Wednesday, March 19, 2008

and then there were eleven

As a rule, the first two weeks of the semester are topsy-turvy in terms of student attendance: quite a few students switch classes, drop them entirely, or register late. I thought I was going to have thirteen people in my Current Events class, but the girl who had thought about registering apparently decided not to register, and one student already in the class just netted a job at Merrill Lynch Korea and won't be able to attend. She'd been rather spotty with her attendance last week, so it's actually something of a relief that I won't have to deal with her zigzagging anymore. On the bright side, she was kind enough to attend class today; everyone congratulated her on having gotten what we hope will be a sweet position (she's going into the human resources division).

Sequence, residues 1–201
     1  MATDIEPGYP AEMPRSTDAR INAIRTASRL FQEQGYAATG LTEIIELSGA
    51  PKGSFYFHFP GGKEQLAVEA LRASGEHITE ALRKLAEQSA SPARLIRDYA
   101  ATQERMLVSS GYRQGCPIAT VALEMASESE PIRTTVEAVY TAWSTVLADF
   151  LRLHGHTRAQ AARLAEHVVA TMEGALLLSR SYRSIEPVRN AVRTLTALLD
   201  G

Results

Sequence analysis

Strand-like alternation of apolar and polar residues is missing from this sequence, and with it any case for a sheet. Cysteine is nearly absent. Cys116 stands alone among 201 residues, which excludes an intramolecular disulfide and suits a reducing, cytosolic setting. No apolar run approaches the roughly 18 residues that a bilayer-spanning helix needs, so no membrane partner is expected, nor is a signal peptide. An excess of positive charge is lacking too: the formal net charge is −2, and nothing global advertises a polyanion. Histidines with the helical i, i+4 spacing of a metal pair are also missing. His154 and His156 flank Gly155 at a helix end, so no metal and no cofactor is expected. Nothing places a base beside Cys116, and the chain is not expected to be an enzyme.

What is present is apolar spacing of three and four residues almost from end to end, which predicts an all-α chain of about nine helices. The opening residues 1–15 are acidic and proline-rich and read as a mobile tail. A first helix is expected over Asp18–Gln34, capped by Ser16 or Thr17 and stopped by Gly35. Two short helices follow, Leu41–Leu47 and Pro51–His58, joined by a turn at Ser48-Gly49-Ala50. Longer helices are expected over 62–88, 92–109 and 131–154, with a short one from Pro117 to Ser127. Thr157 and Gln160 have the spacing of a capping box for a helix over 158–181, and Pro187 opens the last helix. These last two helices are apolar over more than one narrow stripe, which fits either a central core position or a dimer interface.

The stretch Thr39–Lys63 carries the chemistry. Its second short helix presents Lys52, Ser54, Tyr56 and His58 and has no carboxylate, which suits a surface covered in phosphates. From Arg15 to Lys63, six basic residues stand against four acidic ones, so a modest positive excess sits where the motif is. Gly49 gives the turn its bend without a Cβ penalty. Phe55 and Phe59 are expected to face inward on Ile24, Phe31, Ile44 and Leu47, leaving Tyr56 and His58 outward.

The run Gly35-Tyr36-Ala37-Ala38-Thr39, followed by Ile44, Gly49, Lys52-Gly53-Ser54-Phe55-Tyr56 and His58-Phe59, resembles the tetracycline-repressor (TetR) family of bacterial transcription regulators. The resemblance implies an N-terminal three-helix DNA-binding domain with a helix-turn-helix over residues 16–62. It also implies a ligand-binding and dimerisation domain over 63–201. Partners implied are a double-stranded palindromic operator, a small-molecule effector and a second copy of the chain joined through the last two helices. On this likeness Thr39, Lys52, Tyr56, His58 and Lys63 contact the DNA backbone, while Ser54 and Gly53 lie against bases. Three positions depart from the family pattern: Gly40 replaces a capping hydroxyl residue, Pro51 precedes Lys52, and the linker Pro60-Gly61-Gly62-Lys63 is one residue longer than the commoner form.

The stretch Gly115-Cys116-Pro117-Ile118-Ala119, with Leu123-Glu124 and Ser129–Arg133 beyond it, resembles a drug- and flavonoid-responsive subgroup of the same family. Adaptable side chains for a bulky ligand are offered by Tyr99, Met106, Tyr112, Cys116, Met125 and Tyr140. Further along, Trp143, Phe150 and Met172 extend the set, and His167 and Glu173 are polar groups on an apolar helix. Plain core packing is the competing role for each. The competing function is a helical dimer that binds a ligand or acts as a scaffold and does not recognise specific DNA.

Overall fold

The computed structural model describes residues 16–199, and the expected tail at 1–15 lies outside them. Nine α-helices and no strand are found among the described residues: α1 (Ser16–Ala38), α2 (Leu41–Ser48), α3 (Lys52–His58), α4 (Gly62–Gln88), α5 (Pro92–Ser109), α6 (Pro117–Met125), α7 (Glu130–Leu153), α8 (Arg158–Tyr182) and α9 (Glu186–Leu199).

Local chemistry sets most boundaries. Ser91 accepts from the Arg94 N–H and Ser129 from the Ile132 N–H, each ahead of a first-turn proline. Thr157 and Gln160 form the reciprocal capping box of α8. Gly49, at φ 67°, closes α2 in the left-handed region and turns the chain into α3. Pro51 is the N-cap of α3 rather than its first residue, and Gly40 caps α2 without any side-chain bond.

What all this means is that my class is taking a net loss, not enjoying a net gain: we're down to eleven people, which is still a bit bigger than I'd like, especially for a class so focused on talking. But despite that minor complaint, I'm extremely pleased with how this class is running itself. That is, after all, the point of the student-centered approach: you, as the teacher, want the students to carry the ball, to play a role in each other's learning, and not to rely on the teacher except for the occasional question or two. Setting such a system up takes just a few days-- enough time to introduce the principles underlying the curriculum and class structure, to make clear what the students' specific obligations are, and to assure the students that you are there as a facilitator (which also means that you occasionally have to grab the reins for a few minutes if it's obvious that the student-planned lesson is headed toward a cliff).

I truly hope this class keeps its current momentum for the rest of the time I'm "teaching" it. It's already the class I enjoy most this semester.


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